May 082009
 

Sometimes AmE words get exported across the pond, but I can’t find ‘seriousity‘ in the Compact Oxford dictionary. I wonder if it will ever get past UK border controls.

travellersI think the best place to observe seriousity in action is in queues/lines for security at airports. If a security guard plucks an American out of the line at JFK for a thorough check with the wand, everyone’s demeanours will be solemn – the checker, the checkee and all members of the checkee’s travelling party. In a similar situation with Brits at Heathrow, it’s more likely there will be smiles exchanged, a few chuckles and perhaps even a bit of banter about bombs in bags between the checkee and their fellow travellers. There’s almost a social requirement to make light of the situation.

Of course both Americans and Brits love to laugh and joke, but humour is more likely to extend into serious contexts for Brits. Somehow they seem to provide irresistible opportunities for irony, which of course makes it tricky for Americans (and many other foreigners). How can they know whether we mean what we’re saying or whether we’re just joking around? Heck, in British conversations, I’m not sure whether I mean what I’m saying or just joking around a lot of the time.

So anyway, I can’t see seriousity making it in the UK. But I mention it because it’s something to bear in mind if you’re a Brit trying to speak ‘merican.

 Posted by at 2:18 pm

  7 Responses to “Seriousity”

  1. This brings back memories of flying back to ‘good old Europe’ from JFK.

    Security asked me whether:

    1. I had packed my bag myself.
    2. I’d had my bags with me the whole time.
    3. they contained half a dozen items that most people would never dream of putting inside their suitcase unless they were serious terrorists… (And if they had, they certainly wouldn’t tell the security staff at JFK they’d packed half a dozen bombs or submachine guns in their dirty washing).

    My answers to those questions were perfectly honest:

    1. No, my wife helped me.
    2. No, I’ve been in the USA for three weeks and have been lucky enough to be able to leave my luggage in the odd hotel room now and again.
    3. You forgot to ask me about detonators.

    I could have kicked myself for saying that because security then demanded that I unpack everything!!!

    Don’t mess with people who have any kind of authority in the USA, they don’t seem to understand tongue in cheek comments… or obvious (for British folk) jokes.

    In fact, most people who are employed ‘by’ an authority, rather than being ‘in’ authority are difficult in my opinion.

    Anyway, one thing I’m quite sure sure of is that Americans have a serious problem trying to understand sarcasm and the British dry-sense-of-humour.

  2. This reminds me of a Bill Bryson anecdote.
    The US has restrictions on meat and vegetable products that can be brought into the country. Bill Bryson was passing through US immigration and customs one day when an official asked “Any fruit or vegetables?”. Bill quipped “Sure, why not, I’ll have four pounds of potatoes and some mangoes if they’re fresh.”
    The interesting thing was the official’s response. “Sir,” he said, “are you carrying any items of a fruit or vegetable nature?”
    Now an interpretation of that from a British frame would be that the official didn’t get the joke, but I doubt it’s quite that simple.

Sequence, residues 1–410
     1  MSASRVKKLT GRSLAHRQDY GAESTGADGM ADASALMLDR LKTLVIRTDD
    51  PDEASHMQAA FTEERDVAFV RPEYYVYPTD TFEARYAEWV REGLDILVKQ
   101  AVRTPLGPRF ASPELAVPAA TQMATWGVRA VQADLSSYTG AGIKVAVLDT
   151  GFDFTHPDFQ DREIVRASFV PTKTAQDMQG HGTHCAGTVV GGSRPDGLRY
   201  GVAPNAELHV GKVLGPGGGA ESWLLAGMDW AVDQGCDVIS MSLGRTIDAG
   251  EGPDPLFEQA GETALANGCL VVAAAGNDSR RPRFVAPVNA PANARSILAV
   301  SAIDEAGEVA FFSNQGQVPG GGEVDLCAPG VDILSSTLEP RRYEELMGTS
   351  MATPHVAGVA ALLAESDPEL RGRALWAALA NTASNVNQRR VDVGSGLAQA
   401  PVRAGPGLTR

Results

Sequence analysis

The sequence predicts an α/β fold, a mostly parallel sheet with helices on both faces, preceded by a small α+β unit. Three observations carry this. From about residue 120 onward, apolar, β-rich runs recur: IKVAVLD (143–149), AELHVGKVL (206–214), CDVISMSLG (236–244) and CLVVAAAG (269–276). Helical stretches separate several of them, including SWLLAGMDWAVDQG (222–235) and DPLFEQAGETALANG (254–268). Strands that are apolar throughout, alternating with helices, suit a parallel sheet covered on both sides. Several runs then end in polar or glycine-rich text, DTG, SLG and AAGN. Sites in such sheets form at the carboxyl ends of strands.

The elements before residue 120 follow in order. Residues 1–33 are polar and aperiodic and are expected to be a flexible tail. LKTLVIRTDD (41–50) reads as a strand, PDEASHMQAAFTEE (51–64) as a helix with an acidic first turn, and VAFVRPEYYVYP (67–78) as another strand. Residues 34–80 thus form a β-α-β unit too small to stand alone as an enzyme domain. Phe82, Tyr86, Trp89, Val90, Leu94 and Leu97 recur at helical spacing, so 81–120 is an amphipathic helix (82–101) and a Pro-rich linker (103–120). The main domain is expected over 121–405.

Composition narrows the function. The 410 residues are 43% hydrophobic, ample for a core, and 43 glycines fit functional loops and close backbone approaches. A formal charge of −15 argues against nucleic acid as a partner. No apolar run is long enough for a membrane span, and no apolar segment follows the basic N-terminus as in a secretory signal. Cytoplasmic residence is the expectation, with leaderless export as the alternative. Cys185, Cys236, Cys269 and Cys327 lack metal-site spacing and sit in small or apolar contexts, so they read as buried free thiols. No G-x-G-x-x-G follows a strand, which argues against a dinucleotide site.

I suspect the official got the joke, found the lack of seriousity unbefitting for the occasion, wondered whether it was worth pinning Bill to the floor and getting out his rubber gloves, thought better of it, took pity on him, decided to pretend it hadn’t happened and hence he feigned coming to the conclusion that Bill was just incredibly thick.
    So I think Bill had a lucky escape. But of course I could be wrong.

  3. […] interpreted as an embarrassed smile sometimes in the UK could be interpreted as a smirk in the US. Seriousity is an American behaviour and an appropriate behaviour for a congressional hearing on a grave issue. […]

  4. […] yesterday and have been thinking about her idea that Americans are expected to demonstrate “seriosity“, a lack of which is seen as cynical and subversive. Vicki thinks that seriosity […]

  5. I know this is more than a year late, but I’m going to comment anyway. 🙂

    In the U.S., there are certain things you just don’t joke about in certain places or situations. Joking about bombs and terrorists on a security line in a major international airport just seems pretty foolish to me. I don’t know…maybe it’s ’cause I’m ‘merican.

  6. Amy! Welcome and thank you for commenting! I was thinking about this just today oddly enough, so you are actually very current.

    Daft as it must seem when I wear my ‘merican glasses, I’ve seen Brits do precisely this and it seemed perfectly appropriate when I was wearing my British glasses. Standing in the queue/line at Heathrow waiting to go through security, folks were being pulled out for checking with their new scanner system. They pulled a couple who were part of a larger party and asked them to step this way. The rest of the Brits in the party immediately started cracking jokes with the couple and the security guard, along the lines of ‘Oh, you’ve picked the right ones there’ ‘You always had a dangerous look about you, John’, ‘I bet they’ve got all kind of explosives in their bag’ and you will no doubt be surprised to know that the British security guard was chuckling away with them. (Laughter is a great diffuser of embarrassment.) I’m not sure it would have registered as being anything noteworthy to me if I hadn’t been standing with some Americans who were looking decidedly surprised!

  7. […] interpreted as an embarrassed smile sometimes in the UK could be interpreted as a smirk in the US. Seriousity is an American behaviour and an appropriate behaviour for a congressional hearing on a grave issue. […]

 Leave a Reply

(required)

(required)